What’s In a Bestseller? Inquiring Minds Want to Know!

I’ve been reading some different things lately. Normally I’m all about historical fiction and paranormal fiction/romance, but this year so far I’ve gone out on a limb, literary-speaking.

It sort of goes hand-in-hand with my constant curiosity about “what makes a bestseller.” It’s something all authors wonder about. What’s the magic formula that creates that New York Times chart-topper? What esoteric spells and sorcery do these writers perform to get it exactly right? What’s the secret?

So far this year, I’ve read Eat Pray Love by Elizabeth Gilbert, The Invention of Wings and The Secret Life of Bees by Sue Monk Kidd, and House Rules by Jodi Piccoult.

(Spoiler Alert! I DO discuss plot points, so if you haven’t yet read these books but want to, you may want to stop now.)

eat_pray_loveEat Pray Love was by far my favorite. I’m firmly convinced that you have to be at a certain point in your life before you can ‘get’ this book. You have to be like her (and me):  people who seem to have had everything handed to them, and yet feel unworthy of it, who think they’ve screwed up literally everything they’ve ever touched, who are so mired in depression that they feel there’s no way out – yet there’s this one last desperate spark of hope that won’t let them quit. If you’re not there, then you may not understand this book on the level you should. To me, there’s no mystery as to why this was such a runaway bestseller. Gilbert’s voice is funny and poignant by turn; she leaves nothing out; she’s unflinchingly honest, letting her story and her journey be a path for others.


81BDonFzZoLMore of a mystery to me was The Secret Life of Bees. To be honest I finished it only because I paid $13.99 for it. I KNOW there’s something in there that people connect to; if there wasn’t, it wouldn’t be a bestseller. But what? I hate to say it, but I never figured it out. It’s told by 14-year old Lily, who is on the run with Rosaleen, the woman who raised her.  They end up in a small town in South Carolina, where they’re taken in by three beekeeping sisters. Though Lily is white and the sisters (and Rosaleen) are black, and it’s set in 1965, I never truly got the sense of race as it was then. I kept waiting for the real threats to begin. I kept holding my breath, waiting for the angry townspeople to burn down the sisters’ house, or for a mob to attack the boys in jail. But nothing ever happened. I couldn’t decide if this was a young adult novel or not, which bothered me. It had elements of a YA novel, and yet I didn’t think it’s slow pace and lack of action would really appeal to teens. There were also plot holes big enough to drive a coach-and-four through. It felt like Kidd was deliberately skirting around issues, skimming the top when she needed to dive deep. So this bestseller, I never “got.” If you did, can you let me know what it was you liked about it? I’m truly curious to know.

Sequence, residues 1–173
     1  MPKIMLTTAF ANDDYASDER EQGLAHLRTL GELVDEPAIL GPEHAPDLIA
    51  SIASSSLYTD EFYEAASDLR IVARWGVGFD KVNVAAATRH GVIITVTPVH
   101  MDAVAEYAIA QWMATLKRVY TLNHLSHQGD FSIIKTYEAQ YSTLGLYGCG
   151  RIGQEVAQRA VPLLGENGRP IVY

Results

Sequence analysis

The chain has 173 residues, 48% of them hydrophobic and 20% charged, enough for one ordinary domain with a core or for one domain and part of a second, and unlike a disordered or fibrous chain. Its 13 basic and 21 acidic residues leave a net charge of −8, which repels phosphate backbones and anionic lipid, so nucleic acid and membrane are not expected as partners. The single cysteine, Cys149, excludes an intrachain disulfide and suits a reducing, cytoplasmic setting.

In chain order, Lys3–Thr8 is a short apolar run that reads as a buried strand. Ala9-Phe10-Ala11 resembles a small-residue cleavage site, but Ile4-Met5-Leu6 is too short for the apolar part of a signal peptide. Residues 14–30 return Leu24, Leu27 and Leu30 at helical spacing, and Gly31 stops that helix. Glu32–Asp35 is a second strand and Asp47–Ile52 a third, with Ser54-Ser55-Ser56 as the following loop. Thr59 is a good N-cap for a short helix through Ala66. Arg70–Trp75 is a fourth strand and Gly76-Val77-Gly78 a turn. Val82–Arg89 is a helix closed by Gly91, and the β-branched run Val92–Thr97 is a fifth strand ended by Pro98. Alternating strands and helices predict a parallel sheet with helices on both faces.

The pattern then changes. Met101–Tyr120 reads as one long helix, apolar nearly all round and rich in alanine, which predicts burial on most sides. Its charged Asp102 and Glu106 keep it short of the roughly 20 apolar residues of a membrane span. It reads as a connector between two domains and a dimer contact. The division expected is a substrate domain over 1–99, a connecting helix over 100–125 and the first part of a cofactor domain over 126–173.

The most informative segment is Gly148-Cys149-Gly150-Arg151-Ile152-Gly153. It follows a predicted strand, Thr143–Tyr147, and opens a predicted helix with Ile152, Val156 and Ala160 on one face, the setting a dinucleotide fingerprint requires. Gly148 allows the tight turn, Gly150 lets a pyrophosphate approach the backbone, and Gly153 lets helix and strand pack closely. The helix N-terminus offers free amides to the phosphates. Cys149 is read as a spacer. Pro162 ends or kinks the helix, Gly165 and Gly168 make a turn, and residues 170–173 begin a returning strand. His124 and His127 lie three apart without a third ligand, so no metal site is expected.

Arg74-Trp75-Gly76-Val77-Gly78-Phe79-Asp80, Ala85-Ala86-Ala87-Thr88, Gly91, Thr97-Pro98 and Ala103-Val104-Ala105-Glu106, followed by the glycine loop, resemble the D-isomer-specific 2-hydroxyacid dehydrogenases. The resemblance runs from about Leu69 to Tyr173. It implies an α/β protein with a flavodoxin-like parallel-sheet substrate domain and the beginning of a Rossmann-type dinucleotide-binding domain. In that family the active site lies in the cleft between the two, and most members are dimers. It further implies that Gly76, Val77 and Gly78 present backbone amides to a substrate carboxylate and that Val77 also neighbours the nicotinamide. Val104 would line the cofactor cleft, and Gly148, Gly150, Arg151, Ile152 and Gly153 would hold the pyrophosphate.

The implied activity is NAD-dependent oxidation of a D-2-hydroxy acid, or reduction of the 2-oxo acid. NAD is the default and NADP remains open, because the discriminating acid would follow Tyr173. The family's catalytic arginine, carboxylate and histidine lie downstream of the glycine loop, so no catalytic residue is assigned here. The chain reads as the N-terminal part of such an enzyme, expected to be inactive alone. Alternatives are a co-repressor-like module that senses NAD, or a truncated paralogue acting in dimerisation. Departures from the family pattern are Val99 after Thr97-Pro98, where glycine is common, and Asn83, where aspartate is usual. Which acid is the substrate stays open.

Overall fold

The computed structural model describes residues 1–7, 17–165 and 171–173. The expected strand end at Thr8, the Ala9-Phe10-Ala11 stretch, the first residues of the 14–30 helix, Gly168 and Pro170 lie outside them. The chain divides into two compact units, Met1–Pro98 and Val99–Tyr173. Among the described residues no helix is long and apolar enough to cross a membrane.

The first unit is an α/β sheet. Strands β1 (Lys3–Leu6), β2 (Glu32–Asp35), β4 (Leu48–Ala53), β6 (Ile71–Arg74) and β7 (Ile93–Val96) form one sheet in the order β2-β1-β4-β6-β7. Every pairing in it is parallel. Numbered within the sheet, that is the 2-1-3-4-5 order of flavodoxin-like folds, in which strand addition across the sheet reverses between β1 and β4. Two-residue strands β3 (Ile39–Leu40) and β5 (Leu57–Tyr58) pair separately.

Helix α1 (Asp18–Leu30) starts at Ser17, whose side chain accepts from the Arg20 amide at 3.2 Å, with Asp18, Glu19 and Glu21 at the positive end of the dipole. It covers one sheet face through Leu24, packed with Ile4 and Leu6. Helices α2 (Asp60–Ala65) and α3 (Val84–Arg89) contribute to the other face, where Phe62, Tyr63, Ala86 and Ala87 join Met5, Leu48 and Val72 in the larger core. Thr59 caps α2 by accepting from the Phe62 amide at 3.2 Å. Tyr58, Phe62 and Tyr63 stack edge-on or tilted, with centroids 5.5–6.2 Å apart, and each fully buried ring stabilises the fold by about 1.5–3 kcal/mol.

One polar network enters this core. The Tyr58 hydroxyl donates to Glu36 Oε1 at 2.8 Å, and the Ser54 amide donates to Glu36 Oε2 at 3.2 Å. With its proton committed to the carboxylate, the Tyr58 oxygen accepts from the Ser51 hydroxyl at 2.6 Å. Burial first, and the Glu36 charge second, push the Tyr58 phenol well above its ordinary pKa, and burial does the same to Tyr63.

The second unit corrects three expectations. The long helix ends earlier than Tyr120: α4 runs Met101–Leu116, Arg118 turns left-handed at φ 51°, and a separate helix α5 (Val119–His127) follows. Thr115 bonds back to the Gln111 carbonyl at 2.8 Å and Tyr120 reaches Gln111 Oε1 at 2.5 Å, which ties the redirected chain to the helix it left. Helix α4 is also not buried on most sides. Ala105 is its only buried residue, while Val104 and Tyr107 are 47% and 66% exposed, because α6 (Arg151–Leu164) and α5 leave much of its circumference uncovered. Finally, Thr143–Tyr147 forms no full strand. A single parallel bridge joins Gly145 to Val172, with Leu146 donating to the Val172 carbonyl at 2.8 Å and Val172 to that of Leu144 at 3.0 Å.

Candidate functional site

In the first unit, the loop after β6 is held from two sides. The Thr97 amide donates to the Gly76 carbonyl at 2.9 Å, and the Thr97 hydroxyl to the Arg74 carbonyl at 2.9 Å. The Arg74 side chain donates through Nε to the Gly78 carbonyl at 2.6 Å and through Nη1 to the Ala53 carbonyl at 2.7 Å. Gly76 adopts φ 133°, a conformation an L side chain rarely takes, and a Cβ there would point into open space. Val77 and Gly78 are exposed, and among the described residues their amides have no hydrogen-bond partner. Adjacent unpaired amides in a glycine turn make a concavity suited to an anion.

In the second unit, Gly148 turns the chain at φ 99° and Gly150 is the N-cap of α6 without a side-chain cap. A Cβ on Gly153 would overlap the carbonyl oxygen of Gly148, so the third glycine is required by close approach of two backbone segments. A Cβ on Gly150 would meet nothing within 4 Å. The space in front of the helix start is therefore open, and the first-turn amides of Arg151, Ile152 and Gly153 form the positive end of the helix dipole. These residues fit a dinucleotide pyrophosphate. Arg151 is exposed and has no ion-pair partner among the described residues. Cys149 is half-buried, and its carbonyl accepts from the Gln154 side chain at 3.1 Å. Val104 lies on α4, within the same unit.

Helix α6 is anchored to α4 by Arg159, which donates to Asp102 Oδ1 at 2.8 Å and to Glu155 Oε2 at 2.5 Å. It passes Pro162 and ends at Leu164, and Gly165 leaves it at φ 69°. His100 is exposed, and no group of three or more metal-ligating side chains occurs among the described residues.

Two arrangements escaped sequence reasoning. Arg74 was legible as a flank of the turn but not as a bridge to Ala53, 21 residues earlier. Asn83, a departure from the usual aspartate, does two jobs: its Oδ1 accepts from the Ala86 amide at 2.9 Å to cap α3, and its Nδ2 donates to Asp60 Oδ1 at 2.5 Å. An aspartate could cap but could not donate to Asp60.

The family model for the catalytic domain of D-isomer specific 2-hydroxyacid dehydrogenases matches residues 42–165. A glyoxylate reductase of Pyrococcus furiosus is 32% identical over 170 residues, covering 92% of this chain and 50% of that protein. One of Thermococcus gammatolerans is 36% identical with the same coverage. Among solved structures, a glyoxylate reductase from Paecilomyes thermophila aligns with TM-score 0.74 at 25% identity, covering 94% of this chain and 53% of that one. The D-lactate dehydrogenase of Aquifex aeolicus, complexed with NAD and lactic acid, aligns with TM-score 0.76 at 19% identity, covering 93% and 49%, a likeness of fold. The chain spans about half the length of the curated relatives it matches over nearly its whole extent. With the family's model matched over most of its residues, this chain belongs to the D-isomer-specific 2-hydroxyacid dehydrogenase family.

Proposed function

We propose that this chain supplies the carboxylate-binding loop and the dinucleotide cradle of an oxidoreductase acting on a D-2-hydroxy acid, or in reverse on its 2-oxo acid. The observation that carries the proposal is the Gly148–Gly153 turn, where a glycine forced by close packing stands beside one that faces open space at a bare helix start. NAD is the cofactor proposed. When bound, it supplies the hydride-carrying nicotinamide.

theinventionofwingsOn the other hand, The Invention of Wings doesn’t spare the reader or its characters. The amount of research that went into this book shows through in the tiny details. Again told in the first person, with alternating viewpoints, this novel explores the parallel lives of Sarah Grimke, the daughter of slave owners, and Handful, the slave girl given to Sarah on her eleventh birthday. The central question here is:  what happens when a woman goes against her family – and society – to follow her convictions? There’s real danger here, real consequences for actions; in places, you can almost imagine Kidd chasing her characters, screaming, “No, don’t do that!” This book, I get. It’s clear to me why this was a bestseller. But again, it appeals to the historian in me. If you don’t do historical fiction, this is probably not going to be your cup of tea.